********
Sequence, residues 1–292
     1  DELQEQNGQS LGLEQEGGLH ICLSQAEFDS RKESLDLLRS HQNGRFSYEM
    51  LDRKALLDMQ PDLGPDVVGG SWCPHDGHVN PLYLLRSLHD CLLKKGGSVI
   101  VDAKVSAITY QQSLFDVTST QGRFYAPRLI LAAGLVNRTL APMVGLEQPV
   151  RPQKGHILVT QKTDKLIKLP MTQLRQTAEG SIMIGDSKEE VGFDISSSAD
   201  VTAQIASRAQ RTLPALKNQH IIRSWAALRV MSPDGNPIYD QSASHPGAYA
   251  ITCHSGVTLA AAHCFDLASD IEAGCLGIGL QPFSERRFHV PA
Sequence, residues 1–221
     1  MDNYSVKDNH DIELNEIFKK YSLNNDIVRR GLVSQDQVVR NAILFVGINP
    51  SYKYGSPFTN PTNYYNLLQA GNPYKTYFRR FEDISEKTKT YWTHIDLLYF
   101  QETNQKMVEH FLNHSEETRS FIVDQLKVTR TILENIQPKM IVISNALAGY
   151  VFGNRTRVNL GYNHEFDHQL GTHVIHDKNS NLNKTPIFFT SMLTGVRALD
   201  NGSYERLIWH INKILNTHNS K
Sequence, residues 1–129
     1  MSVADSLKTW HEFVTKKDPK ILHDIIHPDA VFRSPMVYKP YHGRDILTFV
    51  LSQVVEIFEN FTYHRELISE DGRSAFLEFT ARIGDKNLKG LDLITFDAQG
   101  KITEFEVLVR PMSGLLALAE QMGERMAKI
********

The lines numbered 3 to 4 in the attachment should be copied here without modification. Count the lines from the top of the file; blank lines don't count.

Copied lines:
    51  LDRKALLDMQ PDLGPDVVGG SWCPHDGHVN PLYLLRSLHD CLLKKGGSVI
   101  VDAKVSAITY QQSLFDVTST QGRFYAPRLI LAAGLVNRTL APMVGLEQPV